Also, periods of alone time make finally being in the company of loved ones that much sweeter, which, I think, is why I chose to take the long way home and make it a solo mission.
After traveling across the entire state of California in a day, I ended up in Truckee, a place with which I have had a long distance love affair for a couple of years. The funny thing is that I had never actually been there; I had only heard of it through some of the adventure and outdoor blogs I follow, as well as through word of mouth. All reviews had been positive, and I was pretty confident that I was going to be enamored with it. That's one of the beautiful things about the years slowly adding up; you begin to know yourself - like really, really know yourself - to the extent that you can trust your intuition, even from afar.
I arrived late and in the dark once again, and the owners of the cozy cabin Airbnb I had booked were kind enough to wait up for me and sit with me while I ate dinner. They told me about how little precipitation they had gotten this winter because of the drought, but said that snow was forecasted to fall overnight. I woke the next morning, looked out the window, and voila: a thick layer of white rested on the towering pines. Truckee must have known I was coming.
My time there was painfully short, mostly because I was so, so, so correct about how much I would love it. It is small, it's in the mountains, it's in California, it's not far from the desert, or Lake Tahoe, or my precious redwoods...and I mean, just look at it. You can't really go wrong.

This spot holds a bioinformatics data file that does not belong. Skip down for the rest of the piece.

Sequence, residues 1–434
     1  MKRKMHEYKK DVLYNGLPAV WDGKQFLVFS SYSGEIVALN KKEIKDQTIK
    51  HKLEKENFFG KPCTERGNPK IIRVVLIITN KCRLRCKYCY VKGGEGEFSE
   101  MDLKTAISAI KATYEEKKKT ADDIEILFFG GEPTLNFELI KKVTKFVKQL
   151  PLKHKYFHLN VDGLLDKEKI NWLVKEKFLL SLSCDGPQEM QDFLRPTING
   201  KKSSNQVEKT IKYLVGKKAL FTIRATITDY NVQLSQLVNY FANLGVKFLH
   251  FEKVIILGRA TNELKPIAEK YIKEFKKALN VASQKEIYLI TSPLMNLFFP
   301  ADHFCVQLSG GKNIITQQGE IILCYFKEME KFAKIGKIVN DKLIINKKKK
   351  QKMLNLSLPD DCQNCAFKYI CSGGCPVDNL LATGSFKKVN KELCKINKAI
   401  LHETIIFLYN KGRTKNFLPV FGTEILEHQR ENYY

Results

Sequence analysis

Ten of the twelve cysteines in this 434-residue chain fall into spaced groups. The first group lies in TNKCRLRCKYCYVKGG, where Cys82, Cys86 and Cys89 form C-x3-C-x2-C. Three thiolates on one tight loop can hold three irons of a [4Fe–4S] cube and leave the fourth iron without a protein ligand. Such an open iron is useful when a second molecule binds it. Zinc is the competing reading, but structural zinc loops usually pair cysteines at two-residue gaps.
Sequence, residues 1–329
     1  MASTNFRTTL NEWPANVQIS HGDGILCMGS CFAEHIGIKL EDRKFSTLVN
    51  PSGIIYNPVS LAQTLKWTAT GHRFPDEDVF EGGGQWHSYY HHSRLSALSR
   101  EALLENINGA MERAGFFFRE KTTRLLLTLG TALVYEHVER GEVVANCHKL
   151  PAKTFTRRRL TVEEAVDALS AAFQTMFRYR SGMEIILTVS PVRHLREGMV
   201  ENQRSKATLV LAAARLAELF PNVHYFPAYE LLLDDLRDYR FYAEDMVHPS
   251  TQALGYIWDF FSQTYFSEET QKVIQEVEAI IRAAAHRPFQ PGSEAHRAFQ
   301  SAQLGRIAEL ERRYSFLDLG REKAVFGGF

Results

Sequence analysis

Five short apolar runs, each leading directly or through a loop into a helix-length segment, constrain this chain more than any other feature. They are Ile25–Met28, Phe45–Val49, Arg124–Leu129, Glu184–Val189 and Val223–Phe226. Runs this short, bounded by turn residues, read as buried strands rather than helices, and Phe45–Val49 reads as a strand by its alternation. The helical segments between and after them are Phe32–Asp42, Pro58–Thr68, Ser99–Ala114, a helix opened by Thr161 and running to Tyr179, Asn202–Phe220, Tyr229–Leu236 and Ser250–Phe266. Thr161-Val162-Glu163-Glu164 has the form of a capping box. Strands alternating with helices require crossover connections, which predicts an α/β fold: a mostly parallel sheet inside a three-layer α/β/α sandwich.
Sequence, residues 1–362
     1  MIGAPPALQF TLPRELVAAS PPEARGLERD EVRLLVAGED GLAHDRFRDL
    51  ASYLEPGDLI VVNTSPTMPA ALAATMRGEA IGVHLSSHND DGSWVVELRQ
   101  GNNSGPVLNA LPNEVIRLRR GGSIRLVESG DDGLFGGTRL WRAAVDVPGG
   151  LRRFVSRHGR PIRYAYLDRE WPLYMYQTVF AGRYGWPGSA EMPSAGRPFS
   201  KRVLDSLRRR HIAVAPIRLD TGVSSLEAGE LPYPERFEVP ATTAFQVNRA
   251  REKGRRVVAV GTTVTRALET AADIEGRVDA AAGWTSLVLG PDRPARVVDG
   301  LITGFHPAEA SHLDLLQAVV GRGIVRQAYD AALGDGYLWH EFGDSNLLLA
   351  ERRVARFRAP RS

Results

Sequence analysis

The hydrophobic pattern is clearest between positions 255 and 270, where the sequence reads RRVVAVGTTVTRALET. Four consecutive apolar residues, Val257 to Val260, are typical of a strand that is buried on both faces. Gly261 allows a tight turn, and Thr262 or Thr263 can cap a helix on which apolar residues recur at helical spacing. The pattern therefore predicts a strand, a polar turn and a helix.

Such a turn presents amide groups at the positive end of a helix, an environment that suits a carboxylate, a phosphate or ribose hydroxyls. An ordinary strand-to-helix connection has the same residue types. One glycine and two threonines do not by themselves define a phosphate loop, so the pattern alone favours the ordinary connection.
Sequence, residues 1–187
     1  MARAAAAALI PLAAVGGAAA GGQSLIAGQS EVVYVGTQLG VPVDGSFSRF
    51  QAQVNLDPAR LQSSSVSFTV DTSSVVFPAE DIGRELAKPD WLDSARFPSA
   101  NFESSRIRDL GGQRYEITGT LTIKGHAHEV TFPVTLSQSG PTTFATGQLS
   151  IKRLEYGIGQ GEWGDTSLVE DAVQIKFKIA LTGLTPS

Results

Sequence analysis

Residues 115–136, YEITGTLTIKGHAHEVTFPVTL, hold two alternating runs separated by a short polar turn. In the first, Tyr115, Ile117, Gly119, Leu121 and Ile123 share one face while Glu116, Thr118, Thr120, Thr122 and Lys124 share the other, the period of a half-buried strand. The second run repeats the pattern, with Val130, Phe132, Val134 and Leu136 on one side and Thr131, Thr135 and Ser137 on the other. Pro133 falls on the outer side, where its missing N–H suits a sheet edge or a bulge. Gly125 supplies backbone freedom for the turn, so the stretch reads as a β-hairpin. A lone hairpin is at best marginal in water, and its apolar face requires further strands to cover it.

My father once traveled to Cinque Terre, Italy, and told my mother that if he ever went missing, she'd know where to find him; if I ever disappear, I'd suggest making Truckee one of the first places you look.
I headed out of Truckee and towards Tahoe, beginning another long day of driving, which was entirely my fault because of how many times I stopped to take photos along the way. I spent almost the entire morning driving around Lake Tahoe, pulling off the road at every scenic overlook, wandering onto frozen beaches, and ogling as snowstorms made their way across the lake, white sheets of snow and ice falling in the distance as the sky over my head gleamed blue.